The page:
Dover—Rochester is in a county with the lowest rate of 3.1 to 4.1%. Concord is in a county with the second-lowest rate of 4.2 to 5.1%. Manchester, Portsmouth, and Nashua are in counties with the highest rate of 5.2 to 6.1%.

 Map produced November 2020 based on 2013-2017 American Community Survey data.

 


  • Click on the map for a larger, downloadable version. 
  • To browse or download the data used to make this map, use our Disability Data Lookup Tool.

 This map explores American Community Survey (ACS) 5-year data (Table C18120) employment estimates by disability type. 

The ACS asks a set of disability indicator questions to determine disability. If a respondent can answer “yes” to any disability question they are classified as having a disability. The data below are for ages 18-64.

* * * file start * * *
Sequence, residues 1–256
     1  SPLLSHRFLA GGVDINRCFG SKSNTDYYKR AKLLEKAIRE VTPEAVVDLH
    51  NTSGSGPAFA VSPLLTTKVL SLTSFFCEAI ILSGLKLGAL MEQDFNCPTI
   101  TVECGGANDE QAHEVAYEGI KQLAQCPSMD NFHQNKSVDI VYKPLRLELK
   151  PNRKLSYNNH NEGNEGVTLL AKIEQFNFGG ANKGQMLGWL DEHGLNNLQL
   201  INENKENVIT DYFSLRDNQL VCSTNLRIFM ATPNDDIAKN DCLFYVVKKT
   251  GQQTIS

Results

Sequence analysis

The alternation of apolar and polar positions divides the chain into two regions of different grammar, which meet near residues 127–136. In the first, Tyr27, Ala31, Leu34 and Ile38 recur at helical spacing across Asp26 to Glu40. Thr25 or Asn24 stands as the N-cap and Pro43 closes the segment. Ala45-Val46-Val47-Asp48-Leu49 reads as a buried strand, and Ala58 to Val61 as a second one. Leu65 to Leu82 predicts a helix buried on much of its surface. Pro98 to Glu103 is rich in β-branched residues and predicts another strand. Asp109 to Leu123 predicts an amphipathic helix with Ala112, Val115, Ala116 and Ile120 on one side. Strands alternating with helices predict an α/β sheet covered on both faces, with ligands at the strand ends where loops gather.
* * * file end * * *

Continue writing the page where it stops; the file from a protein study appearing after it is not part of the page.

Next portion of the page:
Map of NH showing rates of people with disability out of labor force. Text description on page.

This map of New Hampshire shows out of labor force rates among people with disabilities. The data includes people ages 18 to 64. Rates are broken into three categories from 46.1 to 63.6%.

The five largest urban areas (Concord, Manchester, Nashua, Dover—Rochester and Portsmouth) are labeled on the map to show if there are any differences between rates in urban compared to rural areas.

Dover—Rochester is in a county with the second-lowest rate of 53.4 to 56.4%. The other four cities are in counties with the lowest rate of 46.1 to 53.3%.

 

Map produced November 2020 based on 2013-2017 American Community Survey data.

 


  • Click on the map for a larger, downloadable version. 
  • To browse or download the data used to make this map, use our Disability Data Lookup Tool.